NSS ciphers are done differently than OpenSSL and GnuTLS. The full list of NSS ciphers is in the NSSCipherSuite entry at this URL: http://directory.fedora.redhat.com/docs/mod_nss.html#Directives

If this option is used several times, the last one will override the others.

These ciphers are not named the same as those in the JAMF article for Tomcat as they are using OpenSSL.

However, the first link in the quoted text from the man page takes you to a page that gives the SSL or TLS cipher suites names from the relevant specification and their OpenSSL equivalents.

You can get a list of the client side OpenSSL ciphers via the below command

openssl ciphers

If you check the the client side cipher list against the top list in the JAMF article for Tomcat list & then translate the  OpenSSL equivalents, you’ll notice that the standard list are all “Elliptic curve cipher suites” & none are within the 10.8 clients cipher list.


As mentioned at the beginning of this post, there are 2 solutions, 1 client side, 1 server side.

Server Side

Within the JAMF article for Tomcat, there is an additional cipher:

In addition, if you are running Java 1.6 or a JDS instance in your environment, you must also include the following cipher:

NOTE: The JSS now requires Java 7, so not sure if that information is still valid for JDS

That cipher, when translated to OpenSSL is “AES-128SHA”, which is within a 10.8.x clients cipher list.

So you could add this to the JSS’s server.xml & then 10.8.x clients will be able to perform API scripts using cURL or urllib2 via TLS1.0.

However, TLS1.0 is considered insecure as TLS 1.0 does include a means by which a TLS implementation can downgrade the connection to SSL 3.0, thus weakening security.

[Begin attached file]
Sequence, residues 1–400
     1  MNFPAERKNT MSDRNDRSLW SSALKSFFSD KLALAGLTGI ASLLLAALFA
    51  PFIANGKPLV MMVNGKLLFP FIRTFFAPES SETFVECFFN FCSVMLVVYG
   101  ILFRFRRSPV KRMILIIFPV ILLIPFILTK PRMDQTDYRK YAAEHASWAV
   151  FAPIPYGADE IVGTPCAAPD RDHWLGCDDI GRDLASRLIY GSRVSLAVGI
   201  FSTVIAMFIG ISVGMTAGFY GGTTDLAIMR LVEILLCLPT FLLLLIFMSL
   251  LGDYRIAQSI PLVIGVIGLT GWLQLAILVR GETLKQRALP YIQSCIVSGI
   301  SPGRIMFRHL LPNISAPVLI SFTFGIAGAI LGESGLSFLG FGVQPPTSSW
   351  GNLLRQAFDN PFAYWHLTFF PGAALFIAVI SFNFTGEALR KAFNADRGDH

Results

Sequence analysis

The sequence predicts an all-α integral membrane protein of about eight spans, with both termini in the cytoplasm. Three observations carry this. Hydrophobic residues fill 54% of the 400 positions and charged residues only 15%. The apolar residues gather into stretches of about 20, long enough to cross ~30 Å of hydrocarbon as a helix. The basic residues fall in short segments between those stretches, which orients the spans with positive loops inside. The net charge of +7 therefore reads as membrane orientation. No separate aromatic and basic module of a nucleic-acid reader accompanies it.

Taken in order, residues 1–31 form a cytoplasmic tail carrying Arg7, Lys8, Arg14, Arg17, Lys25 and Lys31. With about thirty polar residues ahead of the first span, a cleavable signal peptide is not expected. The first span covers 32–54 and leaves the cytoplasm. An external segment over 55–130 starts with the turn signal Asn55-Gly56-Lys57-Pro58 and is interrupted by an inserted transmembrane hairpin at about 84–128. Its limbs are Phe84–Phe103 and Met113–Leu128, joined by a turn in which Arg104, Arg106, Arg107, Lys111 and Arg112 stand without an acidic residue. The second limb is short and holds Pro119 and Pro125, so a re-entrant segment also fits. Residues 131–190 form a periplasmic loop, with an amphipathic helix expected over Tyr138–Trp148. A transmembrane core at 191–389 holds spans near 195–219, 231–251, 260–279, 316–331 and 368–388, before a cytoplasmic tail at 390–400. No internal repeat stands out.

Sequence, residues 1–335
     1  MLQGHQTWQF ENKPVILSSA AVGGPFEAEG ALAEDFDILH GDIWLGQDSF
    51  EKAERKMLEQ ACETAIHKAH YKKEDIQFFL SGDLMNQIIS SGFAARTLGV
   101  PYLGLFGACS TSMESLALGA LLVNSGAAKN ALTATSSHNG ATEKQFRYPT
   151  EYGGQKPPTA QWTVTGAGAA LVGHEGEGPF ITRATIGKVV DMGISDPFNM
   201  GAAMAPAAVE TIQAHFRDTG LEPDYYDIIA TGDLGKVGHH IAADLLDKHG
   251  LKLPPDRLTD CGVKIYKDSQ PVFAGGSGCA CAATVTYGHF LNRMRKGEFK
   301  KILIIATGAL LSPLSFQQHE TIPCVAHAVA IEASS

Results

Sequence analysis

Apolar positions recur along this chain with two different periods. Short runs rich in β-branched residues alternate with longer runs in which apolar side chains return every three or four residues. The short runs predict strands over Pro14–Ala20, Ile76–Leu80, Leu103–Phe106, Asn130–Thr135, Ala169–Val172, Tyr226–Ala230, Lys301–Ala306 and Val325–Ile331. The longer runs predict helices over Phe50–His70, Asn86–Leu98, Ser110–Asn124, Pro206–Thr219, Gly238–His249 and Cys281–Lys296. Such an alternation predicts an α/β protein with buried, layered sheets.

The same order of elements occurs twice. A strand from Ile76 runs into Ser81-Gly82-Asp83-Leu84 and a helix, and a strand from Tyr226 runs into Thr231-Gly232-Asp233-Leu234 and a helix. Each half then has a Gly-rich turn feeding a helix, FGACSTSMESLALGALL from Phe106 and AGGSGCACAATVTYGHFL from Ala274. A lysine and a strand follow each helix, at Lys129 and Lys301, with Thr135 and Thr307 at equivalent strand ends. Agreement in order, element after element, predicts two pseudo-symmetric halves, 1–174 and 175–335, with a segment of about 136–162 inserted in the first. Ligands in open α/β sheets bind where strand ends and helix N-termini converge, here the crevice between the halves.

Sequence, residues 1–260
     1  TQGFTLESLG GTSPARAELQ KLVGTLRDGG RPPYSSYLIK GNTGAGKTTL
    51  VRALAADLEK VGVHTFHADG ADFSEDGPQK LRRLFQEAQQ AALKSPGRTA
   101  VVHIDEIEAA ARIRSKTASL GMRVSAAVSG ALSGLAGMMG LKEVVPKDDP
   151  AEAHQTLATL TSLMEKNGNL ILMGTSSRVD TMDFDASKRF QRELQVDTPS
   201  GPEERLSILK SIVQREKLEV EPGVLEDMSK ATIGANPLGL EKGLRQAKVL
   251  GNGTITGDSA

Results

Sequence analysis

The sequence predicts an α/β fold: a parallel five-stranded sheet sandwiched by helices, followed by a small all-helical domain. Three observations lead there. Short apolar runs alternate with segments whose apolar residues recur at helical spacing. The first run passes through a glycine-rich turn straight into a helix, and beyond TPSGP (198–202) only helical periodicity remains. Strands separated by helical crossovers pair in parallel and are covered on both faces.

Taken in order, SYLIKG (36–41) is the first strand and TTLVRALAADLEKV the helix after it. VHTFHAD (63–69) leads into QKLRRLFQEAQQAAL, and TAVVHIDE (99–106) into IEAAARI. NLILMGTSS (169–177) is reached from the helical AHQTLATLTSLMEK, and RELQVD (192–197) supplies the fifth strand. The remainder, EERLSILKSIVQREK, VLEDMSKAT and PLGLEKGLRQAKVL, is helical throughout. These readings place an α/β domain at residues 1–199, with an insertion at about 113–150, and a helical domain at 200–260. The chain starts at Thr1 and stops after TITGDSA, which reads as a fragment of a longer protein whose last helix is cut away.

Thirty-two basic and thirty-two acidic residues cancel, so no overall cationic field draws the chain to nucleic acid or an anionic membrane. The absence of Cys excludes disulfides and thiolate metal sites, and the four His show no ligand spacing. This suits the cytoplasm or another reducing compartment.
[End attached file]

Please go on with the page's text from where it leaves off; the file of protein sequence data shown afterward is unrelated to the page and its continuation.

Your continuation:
So, if you’re implementing this server side “fix”. I’d advise only to amend the server.xml for those JSS you have that are internally accessible only (so if you have a clustered JSS, only amend the internal JSS & not the WAN accessible JSS’s).

You can then amend your API scripts to only make calls if the JSS resolves to an internal IP.


As the above mentions, you may already have this cipher in your server.xml if using JDS. I’m not a JAMFCloud customer but it may be something they add to the server.xml for this purpose.

Client Side

Shea Craigs python-jss which “aims to offer simple, elegant, pythonic access to the Jamf Casper JSS API” already has done all the leg work with it’s TLS Adaptor & allows a 10.8.x client to contact the JSS without adding the weaker TLS1.0 cipher.

Installing python-jss

The python-jss wiki has install instructions, the below is what I packaged in Composer:

Screenshot 2015-12-31 11.44.04

10.9+ Clients

With 10.9+ Apple made some changes in the version of cURL included within OS X, the below is taken from this page.

In Mavericks, Apple changed from curl 7.24.0 to 7.30.0, and in the process, they switched the TLS/SSL engine used by their curl, from OpenSSL to their own Secure Transport engine. Apple's OpenSSL is still at version 0.9.8 and I doubt they will ever upgrade it, so this change improves curl's security. This is because the new engine supports TLS 1.1 and 1.2, and many new-ish cipher suites not supported by that old version of OpenSSL.